The following is from the Feb. 7, 2008, edition of The Desert News. SMU Political Science Professor Matthew Wilson provided expertise for this story. This story was published a few hours before Mitt Romney announced he was suspending his election bid.
By Lisa Riley Roche
Deseret Morning News
Mitt Romney's bid for the White House is being seen as all but over after his Super Tuesday losses to Republican front-runner John McCain — but he's still on the campaign trail, at least for now.
Romney is scheduled to speak today at the Conservative Political Action Committee convention in Washington, D.C., then address a Republican fundraiser in Maryland, which holds its GOP primary Tuesday.
He was said to be meeting Wednesday with family and advisers about his political future and reportedly considered but dismissed the idea of announcing he was leaving the race at the CPAC convention.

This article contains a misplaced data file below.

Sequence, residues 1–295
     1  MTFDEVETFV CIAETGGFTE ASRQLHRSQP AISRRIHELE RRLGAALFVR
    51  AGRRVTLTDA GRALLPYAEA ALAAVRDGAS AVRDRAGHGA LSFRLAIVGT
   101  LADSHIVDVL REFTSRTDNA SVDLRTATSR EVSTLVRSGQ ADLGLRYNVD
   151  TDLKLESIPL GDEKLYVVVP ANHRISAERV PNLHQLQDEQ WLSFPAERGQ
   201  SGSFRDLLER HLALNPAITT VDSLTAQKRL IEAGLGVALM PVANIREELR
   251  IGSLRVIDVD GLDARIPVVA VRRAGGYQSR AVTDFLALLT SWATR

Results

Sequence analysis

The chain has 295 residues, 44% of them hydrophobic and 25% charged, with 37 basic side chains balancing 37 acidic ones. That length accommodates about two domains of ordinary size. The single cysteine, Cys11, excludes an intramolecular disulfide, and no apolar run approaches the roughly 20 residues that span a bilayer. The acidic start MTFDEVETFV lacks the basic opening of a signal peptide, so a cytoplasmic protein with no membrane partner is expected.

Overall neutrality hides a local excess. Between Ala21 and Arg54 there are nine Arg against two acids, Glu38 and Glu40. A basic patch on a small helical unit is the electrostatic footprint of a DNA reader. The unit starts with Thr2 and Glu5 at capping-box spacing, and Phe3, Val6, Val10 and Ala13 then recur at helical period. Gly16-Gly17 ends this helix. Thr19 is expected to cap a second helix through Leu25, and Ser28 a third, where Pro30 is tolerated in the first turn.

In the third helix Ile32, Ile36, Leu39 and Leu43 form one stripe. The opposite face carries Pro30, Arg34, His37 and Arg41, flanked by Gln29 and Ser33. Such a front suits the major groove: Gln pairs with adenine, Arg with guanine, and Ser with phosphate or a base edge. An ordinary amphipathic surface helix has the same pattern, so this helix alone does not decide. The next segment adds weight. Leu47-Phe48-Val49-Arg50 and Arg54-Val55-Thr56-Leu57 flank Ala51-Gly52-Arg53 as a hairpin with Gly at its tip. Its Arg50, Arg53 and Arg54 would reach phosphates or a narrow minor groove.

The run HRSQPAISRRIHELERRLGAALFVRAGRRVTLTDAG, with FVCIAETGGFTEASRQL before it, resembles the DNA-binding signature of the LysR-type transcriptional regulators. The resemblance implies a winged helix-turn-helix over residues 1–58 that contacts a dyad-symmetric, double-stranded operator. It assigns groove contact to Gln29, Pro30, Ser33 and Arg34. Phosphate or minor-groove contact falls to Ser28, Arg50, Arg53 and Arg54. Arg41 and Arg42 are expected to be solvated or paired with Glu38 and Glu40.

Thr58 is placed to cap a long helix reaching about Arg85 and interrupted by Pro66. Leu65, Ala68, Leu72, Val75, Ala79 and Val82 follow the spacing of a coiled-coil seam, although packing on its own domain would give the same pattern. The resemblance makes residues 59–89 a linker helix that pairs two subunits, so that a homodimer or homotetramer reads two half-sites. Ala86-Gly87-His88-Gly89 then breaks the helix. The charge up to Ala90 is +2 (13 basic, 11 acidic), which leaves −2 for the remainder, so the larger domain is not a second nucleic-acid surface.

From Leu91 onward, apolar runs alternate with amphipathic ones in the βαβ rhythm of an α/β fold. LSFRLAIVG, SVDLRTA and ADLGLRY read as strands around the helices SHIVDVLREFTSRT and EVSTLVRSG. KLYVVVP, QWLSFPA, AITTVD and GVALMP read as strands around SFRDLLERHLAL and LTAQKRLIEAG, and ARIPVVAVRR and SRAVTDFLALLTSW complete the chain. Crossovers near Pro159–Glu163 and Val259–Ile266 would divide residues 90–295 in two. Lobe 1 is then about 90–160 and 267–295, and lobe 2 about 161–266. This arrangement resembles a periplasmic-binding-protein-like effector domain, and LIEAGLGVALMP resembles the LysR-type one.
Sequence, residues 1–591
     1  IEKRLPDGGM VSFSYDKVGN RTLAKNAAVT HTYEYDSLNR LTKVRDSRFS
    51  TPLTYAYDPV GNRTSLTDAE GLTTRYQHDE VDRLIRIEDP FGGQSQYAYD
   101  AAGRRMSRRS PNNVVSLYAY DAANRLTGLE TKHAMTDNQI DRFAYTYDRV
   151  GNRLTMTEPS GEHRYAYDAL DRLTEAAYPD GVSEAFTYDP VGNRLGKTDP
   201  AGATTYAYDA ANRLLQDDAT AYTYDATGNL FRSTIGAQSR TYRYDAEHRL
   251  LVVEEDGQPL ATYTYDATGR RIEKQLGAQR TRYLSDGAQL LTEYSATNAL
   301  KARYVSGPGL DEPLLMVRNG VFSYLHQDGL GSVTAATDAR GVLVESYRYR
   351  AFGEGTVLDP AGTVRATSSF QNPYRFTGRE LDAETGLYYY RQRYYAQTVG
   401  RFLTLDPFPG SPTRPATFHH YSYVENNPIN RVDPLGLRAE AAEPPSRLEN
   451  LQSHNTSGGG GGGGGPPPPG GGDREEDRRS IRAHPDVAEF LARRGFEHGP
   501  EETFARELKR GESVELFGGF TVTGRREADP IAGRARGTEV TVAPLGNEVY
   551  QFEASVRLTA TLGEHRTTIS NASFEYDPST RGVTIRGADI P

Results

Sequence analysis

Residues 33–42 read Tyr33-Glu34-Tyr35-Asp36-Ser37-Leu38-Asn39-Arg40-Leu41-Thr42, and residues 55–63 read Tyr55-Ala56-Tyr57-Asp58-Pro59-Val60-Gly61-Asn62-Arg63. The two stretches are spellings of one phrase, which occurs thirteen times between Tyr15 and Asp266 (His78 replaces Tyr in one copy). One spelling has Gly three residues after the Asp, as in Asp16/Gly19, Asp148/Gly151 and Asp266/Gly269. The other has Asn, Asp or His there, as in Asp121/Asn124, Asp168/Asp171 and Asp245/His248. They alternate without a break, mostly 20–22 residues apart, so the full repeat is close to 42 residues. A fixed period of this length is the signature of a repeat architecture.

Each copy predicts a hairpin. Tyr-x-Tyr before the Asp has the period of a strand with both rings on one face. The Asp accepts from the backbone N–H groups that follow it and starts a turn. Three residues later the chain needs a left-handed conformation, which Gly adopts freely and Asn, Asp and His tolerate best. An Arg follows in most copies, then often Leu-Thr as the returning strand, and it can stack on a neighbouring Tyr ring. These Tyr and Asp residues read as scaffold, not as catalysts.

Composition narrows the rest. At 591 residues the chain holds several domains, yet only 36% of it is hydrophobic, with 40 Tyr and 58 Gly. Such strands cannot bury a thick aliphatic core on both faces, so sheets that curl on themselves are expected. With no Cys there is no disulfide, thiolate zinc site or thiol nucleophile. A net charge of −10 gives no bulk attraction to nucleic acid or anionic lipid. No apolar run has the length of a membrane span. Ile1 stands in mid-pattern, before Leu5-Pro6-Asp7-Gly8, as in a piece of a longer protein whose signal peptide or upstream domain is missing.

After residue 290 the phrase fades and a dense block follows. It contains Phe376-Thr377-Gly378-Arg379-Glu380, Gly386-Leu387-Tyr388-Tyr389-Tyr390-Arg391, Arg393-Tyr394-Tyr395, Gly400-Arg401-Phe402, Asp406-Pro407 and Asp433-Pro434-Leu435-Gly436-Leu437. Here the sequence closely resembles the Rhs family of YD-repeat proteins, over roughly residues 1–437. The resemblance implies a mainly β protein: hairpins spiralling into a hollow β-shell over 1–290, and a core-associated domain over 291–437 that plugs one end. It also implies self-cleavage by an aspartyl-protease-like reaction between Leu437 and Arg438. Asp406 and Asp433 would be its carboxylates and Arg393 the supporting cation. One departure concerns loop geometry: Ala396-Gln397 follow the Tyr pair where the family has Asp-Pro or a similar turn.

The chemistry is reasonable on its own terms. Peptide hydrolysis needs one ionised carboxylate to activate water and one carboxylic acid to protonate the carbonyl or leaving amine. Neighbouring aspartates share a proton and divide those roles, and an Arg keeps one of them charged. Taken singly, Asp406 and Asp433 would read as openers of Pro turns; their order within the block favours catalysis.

However, after he won fewer states — and far fewer delegates — than McCain on Super Tuesday, political observers are giving Romney little chance of becoming his party's nominee, especially now that former Arkansas Gov. Mike Huckabee is attracting more of the same conservative voters that Romney has been courting. . .
"The problem Mitt Romney had all along was with authenticity," said Matthew Wilson, a professor specializing in religion and politics at Southern Methodist University in Dallas, noting voters saw him as "a little bit too slick and polished."
Wilson said it was Huckabee, not Romney, who emerged from Super Tuesday as the main challenger to McCain. Although he said Huckabee also has no chance to win the GOP nomination, he's shown he can campaign effectively with very little money.
Romney, on the other hand, is worth an estimated $350 million and has outspent his competition by investing his own money in the campaign. By the end of 2007, Romney's contributions to his race totaled $35 million.
If Romney, a former Massachusetts governor, does stay in the race, he'll likely scale back. "I suspect he will ratchet down his personal expenditures," Wilson said. "I don't think he wants to dump more of his own money into now what is a very long-shot bid."
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